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Reliability and Reproducibility of Landmarks on Three-Dimensional Soft-Tissue Cephalometrics Using Different Placement Methods

Lin, Han B.S.; Zhu, Ping M.D.; Lin, Yi B.S.; Zheng, Yuxi B.S.; Xu, Yue M.D., Ph.D.

Plastic & Reconstructive Surgery: July 2014 - Volume 134 - Issue 1 - p 102e–110e
doi: 10.1097/PRS.0000000000000279
Reconstructive: Head and Neck: Original Articles

Background: Affixing markers on the face in vivo with an optical surface imaging system and placing landmarks on a computed tomographic reconstructive facial model represent two helpful approaches prevailing in three-dimensional cephalometric analysis of facial aesthetics. In this study, the authors determine the suitability of these methods for soft-tissue evaluation along with the reproducibility and reliability of landmark placement.

Methods: Thirty-seven soft-tissue landmarks were investigated in 35 normal healthy volunteers who underwent cephalometric analysis by direct and indirect placement methods. Two operators performed the analysis twice for each method at a 1-week interval. Landmark positions were measured on the three-dimensional coordinates, and data were standardized and converted into landmark placement errors for the estimation, by two-way random intraclass correlation coefficients.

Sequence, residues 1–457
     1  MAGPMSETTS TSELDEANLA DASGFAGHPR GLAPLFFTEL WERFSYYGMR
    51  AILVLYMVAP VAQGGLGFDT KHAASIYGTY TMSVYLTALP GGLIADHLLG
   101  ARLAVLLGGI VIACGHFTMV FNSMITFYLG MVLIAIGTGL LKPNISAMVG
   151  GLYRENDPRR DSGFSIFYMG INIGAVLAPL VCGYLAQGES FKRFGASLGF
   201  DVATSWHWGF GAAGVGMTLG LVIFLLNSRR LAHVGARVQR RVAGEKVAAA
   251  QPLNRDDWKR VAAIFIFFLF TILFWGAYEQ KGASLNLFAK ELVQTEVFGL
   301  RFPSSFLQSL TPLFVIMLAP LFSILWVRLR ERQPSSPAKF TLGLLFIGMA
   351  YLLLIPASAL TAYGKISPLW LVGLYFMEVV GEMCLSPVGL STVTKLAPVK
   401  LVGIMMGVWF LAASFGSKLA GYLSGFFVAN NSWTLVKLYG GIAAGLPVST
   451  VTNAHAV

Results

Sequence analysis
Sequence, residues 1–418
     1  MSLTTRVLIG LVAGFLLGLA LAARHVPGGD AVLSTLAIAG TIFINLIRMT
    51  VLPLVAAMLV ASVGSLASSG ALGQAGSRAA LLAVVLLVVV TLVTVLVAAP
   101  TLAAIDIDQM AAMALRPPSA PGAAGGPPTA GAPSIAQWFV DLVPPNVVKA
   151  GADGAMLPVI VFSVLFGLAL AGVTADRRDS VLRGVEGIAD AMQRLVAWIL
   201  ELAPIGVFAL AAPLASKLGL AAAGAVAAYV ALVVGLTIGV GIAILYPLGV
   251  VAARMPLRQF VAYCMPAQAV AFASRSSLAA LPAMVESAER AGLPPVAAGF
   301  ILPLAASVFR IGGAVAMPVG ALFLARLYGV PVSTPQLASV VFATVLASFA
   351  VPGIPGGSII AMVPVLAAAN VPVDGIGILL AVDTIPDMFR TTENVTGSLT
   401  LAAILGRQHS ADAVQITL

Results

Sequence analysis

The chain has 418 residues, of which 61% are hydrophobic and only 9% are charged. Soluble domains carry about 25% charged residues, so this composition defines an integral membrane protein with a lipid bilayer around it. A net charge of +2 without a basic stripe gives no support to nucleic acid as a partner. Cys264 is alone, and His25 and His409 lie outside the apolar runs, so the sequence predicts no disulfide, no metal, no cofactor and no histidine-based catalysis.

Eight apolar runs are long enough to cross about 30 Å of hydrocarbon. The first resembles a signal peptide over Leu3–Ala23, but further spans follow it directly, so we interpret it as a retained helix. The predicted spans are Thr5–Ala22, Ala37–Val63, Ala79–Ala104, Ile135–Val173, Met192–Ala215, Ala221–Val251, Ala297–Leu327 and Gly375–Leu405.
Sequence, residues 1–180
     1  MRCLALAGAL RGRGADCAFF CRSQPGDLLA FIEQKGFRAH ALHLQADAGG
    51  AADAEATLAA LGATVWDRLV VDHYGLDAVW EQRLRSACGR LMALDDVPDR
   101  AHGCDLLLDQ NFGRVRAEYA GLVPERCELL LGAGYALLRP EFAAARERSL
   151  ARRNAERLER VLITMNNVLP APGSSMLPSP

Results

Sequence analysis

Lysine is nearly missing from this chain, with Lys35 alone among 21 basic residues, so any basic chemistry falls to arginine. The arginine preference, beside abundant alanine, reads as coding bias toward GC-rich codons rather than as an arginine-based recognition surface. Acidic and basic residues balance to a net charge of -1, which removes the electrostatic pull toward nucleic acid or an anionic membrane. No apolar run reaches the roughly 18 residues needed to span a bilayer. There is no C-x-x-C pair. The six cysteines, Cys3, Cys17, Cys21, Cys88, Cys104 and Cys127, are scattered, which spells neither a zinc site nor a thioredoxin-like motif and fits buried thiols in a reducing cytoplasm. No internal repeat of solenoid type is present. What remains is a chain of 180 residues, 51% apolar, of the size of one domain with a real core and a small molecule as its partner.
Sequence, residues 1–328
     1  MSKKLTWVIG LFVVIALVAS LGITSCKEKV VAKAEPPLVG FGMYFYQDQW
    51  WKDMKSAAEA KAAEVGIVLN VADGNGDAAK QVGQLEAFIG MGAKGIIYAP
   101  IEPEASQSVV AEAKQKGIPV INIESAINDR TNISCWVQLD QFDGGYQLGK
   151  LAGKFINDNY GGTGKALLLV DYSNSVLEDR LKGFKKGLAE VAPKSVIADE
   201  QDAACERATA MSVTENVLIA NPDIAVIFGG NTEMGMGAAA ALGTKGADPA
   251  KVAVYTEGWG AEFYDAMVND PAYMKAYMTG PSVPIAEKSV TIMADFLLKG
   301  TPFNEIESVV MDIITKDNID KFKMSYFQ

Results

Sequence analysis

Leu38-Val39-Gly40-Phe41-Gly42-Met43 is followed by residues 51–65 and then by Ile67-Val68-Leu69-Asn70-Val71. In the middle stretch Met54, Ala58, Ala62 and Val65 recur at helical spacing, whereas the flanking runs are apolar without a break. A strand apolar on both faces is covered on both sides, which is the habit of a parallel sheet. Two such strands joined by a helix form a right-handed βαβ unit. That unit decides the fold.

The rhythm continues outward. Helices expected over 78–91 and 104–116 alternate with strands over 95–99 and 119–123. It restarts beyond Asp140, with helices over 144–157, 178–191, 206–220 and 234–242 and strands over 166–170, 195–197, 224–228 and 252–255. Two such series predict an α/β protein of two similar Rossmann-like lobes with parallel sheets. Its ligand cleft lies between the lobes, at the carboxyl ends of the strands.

Results: Using the direct method, 86.5 percent of the landmarks had a higher intraclass correlation coefficient than 0.75, and 67.6 percent were higher than 0.90. The authors found that 75.7 percent were higher than 0.75 and 43.2 percent were higher than 0.90 with the indirect method. Both methods showed good reliability in identifying midline-related structures, although the correlations of markers surrounding eyelashes and lips were better using the direct method. The direct method had a significantly smaller landmark placement error and better reproducibility than that identified indirectly (p < 0.05).

Conclusions: When evaluating well-defined contours and the natural texture of the face, the direct placement method shows better accuracy than the indirect method. The three-dimensional evaluation emphasizes the eye, lip, and some structures more laterally, therefore providing comprehensive analysis for clinical diagnosis.

CLINICAL QUESTION/LEVEL OF EVIDENCE: Diagnostic, II.

Guangdong, People’s Republic of China; and Cleveland, Ohio

From the Department of Orthodontics, Guanghua School of Stomatology, Hospital of Stomatology, Sun Yat-sen University, Guangdong Provincial Key Laboratory of Stomatology; and Case Western Reserve University.

Received for publication September 4, 2013; accepted December 12, 2013.

The first two authors contributed equally to this work and should be considered co–first authors.

Disclosure: The authors have no financial interest in any of the products or devices mentioned in this article.

Yue Xu, M.D., Ph.D., Guanghua School of Stomatology, Sun Yat-sen University, Lingyuan Xilu No.56, Guangzhou 510055, People’s Republic of China, kou9315@hotmail.com

©2014American Society of Plastic Surgeons